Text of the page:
- The Washington Times - Wednesday, January 15, 2003

WASHINGTON, Jan. 15 (UPI) — Capital Comment — Daily news notes, political rumors, and important events that shape politics and public policy in Washington and the world from United Press International.

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You do the math …

In what some suggest is a sure sign that war with Iraq will come sooner rather than later, the United States government placed orders Monday for $130 million worth of MRE's — meals ready to eat, a staple for U.S. troops in the field.

According to a release from the United States Department of Defense, AmeriQual Group of Evansville, Ind., has been awarded a $47 million contract to produce ready-to-eat meals for all U.S. armed services. The contract has a completion date of May 17, 2003. A source familiar with the operation says that translates into the production of 1,025,618 MRE's over the next four months, meaning the company will go to two shifts per day, seven days per week.

The Wornick Co. of McAllen, Texas, and SOPAKCO Packaging of Mullins, S.C., also received contracts to produce MRE's that have April 30, 2003, as the completion date. Wornick is reportedly being paid $47 million while SOPAKCO is getting $35 million for their work. All three contracts were placed through the Defense Supply Center in Philadelphia.

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What would Jefferson do?

A group of liberal religious and civil rights leaders plan to gather on the steps of the Jefferson Memorial Thursday to mark the 10th anniversary of Religious Freedom Day. Participants in the ceremony will speak to specific legislative issues that may come up during the 108th Congress to the detriment of religious liberty as they understand it.

Expected to make some remarks are the Rev. Dr. C. Welton Gaddy, president of The Interfaith Alliance; the American Civil Liberties Union's Chris Anders; and Brenda Girton-Mitchell of the Washington office of the National Council of the Churches of Christ, USA.

National Religious Freedom Day commemorates the adoption of Jefferson's landmark Virginia Statute for Religious Freedom on Jan. 16, 1786. First proclaimed by President George H.W. Bush in 1993, National Religious Freedom Day is recognized across the United States as a day of thanksgiving for our nation's freedom of religion.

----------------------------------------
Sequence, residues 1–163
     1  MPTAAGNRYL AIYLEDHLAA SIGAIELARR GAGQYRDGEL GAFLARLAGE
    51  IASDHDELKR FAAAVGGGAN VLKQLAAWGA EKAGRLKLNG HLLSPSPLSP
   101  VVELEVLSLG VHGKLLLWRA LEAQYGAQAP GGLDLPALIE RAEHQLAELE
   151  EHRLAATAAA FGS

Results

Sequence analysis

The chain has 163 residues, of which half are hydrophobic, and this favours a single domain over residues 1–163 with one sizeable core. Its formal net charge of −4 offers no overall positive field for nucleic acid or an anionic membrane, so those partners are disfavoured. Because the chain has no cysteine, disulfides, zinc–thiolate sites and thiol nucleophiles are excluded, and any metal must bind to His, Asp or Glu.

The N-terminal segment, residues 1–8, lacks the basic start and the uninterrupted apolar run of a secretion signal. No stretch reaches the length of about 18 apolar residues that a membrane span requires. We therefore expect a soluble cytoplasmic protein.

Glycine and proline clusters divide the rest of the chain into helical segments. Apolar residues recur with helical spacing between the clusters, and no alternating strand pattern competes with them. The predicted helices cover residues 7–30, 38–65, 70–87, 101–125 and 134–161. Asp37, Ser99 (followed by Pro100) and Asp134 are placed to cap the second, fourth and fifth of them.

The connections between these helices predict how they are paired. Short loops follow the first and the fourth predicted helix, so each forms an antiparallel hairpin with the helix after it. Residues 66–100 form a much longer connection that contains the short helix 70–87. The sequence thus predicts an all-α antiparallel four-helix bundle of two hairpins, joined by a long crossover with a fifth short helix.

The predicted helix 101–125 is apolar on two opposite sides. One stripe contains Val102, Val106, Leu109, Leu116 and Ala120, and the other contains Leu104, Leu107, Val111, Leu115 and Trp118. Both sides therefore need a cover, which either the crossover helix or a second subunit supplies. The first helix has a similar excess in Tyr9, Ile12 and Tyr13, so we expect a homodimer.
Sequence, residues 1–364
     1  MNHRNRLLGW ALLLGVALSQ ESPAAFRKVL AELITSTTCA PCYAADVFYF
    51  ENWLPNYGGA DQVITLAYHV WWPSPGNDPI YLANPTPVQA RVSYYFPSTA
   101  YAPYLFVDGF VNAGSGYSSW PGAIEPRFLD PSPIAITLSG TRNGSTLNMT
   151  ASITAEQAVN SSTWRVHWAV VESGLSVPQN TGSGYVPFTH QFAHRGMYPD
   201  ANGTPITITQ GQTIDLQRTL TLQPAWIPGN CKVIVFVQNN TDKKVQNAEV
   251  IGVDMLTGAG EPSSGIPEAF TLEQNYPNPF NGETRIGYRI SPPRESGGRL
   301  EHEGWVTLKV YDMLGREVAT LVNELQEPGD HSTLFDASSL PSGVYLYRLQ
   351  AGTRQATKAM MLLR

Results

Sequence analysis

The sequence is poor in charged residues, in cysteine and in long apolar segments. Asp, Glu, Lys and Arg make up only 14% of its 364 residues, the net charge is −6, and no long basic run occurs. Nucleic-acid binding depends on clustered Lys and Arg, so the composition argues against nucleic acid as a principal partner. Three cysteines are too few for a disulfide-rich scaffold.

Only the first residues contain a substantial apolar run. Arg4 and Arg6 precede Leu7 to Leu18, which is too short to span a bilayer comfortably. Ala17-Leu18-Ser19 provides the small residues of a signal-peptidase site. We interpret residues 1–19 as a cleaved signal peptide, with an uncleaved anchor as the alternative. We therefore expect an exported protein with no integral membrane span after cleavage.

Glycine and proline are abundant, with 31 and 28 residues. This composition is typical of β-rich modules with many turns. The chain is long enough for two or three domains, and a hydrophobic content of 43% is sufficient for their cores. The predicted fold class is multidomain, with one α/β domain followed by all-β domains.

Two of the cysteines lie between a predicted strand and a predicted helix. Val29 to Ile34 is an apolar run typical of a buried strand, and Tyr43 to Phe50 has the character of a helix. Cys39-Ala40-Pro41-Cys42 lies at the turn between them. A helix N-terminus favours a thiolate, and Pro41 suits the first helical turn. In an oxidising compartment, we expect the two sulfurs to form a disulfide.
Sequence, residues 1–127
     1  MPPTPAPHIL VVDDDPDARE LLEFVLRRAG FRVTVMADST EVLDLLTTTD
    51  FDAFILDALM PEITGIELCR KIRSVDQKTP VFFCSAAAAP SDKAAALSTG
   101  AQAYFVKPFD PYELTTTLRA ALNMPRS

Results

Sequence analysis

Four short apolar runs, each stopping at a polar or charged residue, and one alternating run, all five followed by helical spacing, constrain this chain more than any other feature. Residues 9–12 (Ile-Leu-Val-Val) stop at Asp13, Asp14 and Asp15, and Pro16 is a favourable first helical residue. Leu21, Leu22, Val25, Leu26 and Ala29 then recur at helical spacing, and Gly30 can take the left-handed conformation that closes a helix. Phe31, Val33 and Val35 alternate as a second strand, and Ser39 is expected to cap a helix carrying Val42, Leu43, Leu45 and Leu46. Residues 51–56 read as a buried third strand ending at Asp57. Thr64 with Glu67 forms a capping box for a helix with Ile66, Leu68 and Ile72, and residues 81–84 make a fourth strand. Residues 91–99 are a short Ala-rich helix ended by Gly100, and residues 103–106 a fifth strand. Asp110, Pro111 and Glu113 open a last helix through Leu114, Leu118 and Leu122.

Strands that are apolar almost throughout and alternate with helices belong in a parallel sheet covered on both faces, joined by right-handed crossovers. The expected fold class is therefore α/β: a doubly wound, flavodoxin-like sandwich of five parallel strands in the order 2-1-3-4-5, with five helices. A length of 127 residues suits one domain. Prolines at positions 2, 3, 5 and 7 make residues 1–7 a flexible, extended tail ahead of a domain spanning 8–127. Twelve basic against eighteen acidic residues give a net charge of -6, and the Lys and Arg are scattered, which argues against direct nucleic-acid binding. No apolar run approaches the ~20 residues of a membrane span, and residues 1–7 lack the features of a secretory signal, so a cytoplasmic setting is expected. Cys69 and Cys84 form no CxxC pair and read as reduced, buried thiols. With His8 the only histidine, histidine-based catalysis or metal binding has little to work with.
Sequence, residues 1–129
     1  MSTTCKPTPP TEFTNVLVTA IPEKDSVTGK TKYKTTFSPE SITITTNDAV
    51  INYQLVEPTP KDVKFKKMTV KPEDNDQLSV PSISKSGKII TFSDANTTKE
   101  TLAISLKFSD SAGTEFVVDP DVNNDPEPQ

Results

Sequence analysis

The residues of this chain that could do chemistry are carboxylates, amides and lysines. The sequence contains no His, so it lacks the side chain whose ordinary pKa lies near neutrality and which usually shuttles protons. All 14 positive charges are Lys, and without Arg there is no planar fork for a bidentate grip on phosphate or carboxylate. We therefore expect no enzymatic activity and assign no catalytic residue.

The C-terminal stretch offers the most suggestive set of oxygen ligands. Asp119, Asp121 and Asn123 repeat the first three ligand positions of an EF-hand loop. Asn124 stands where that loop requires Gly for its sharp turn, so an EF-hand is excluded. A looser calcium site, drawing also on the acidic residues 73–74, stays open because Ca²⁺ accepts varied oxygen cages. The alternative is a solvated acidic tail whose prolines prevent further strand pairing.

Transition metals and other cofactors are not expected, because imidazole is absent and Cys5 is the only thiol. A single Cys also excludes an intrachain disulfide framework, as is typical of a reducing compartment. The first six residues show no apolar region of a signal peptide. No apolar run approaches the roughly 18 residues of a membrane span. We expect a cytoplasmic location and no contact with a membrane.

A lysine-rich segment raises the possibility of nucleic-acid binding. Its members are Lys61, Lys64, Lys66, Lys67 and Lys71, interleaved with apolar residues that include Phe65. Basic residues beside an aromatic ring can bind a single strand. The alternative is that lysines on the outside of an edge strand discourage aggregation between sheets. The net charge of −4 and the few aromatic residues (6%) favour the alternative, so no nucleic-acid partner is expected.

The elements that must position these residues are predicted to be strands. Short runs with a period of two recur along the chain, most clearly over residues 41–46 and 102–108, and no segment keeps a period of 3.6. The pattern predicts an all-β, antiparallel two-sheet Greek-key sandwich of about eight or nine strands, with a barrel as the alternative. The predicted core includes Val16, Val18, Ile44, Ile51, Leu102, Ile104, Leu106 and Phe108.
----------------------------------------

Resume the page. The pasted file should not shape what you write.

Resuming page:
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Oversight under scrutiny …

There is still no response from the House Government Reform and Oversight Committee or from its new chairman, Rep. Tom Davis, R-Va., about the allegations that committee staffers were cashiered en masse shortly after the moderate Davis replaced conservative U.S. Rep. Dan Burton, R-Ind., as chairman. But the rumors continue to fly.

According to one source, the mass termination is being called "The Thursday Night Massacre" because staffers were "told Thursday night to submit their resignation and vacate their desks by 5 p.m. Monday — even though they would be kept on the payroll through the end of January."

Efforts by Burton to get a better separation deal for his people failed, our source indicates, pointing out the irony of the situation. "If something like had been done by George W. Bush to a bunch of bureaucrats at the EPA (Environmental Protection Agency) or HUD (the Department of Urban Development), Davis would have been the first one in line to lament the mistreatment of these federal government workers."

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Good will ambassadors …

Rumors are beginning to circulate that a number of Bush supporters holding high-profile ambassadorships will soon turn in the resignations. The reason — they need to come home and refurbish their Rolodexes so they are ready to take on the arduous task of raising funds for President George W. Bush's re-election campaign. Among those who could be headed home sooner rather than later are U.S. Ambassador to Hungary Nancy Brinker and U.S. Ambassador to France Howard Leach, who both raised prodigious amounts of money for Bush's 2000 campaign.

Richard J. Egan, the U.S. ambassador to the Republic of Ireland, has already announced his intention to return home. Rumored to be at the top of the list of replacements is former Reagan and George H. W. Bush speechwriter Peggy Noonan, "as fine a daughter of the Emerald Isle as there is," according to one friend.

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Personnel notes …

The White House made a slew of appointments on Tuesday including the elevation of John Arthur Hammerschmidt of Arkansas, son of the former Republican representative, to a two-year term as vice chairman of the National Transportation Safety Board on which he is currently a member. … The president also announced his intention to appoint four people to be members of the Board of Trustees of the Woodrow Wilson International Center for Scholars: Donald Garcia of California; Bruce Gelb of New York; Tamala Longaberger of Ohio; and David Metzner of New York, who will be designated vice chairman upon his confirmation. … Scholar and writer Howard Fienberg has joined the legislative staff of U.S. Rep. C. Christopher Cox, R-Calif., where he will handle energy and commerce issues.

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